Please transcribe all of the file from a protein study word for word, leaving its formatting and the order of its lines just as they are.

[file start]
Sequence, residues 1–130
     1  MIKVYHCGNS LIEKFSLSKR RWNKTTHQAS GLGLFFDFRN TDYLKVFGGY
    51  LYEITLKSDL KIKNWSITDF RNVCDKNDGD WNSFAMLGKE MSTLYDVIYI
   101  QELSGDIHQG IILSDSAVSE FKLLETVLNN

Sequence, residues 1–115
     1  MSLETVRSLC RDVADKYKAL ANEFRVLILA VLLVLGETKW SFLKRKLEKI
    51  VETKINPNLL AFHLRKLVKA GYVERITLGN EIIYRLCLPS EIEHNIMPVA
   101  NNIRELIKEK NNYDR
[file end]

Sequence, residues 1–130
     1  MIKVYHCGNS LIEKFSLSKR RWNKTTHQAS GLGLFFDFRN TDYLKVFGGY
    51  LYEITLKSDL KIKNWSITDF RNVCDKNDGD WNSFAMLGKE MSTLYDVIYI
   101  QELSGDIHQG IILSDSAVSE FKLLETVLNN

Sequence, residues 1–115
     1  MSLETVRSLC RDVADKYKAL ANEFRVLILA VLLVLGETKW SFLKRKLEKI
    51  VETKINPNLL AFHLRKLVKA GYVERITLGN EIIYRLCLPS EIEHNIMPVA
   101  NNIRELIKEK NNYDR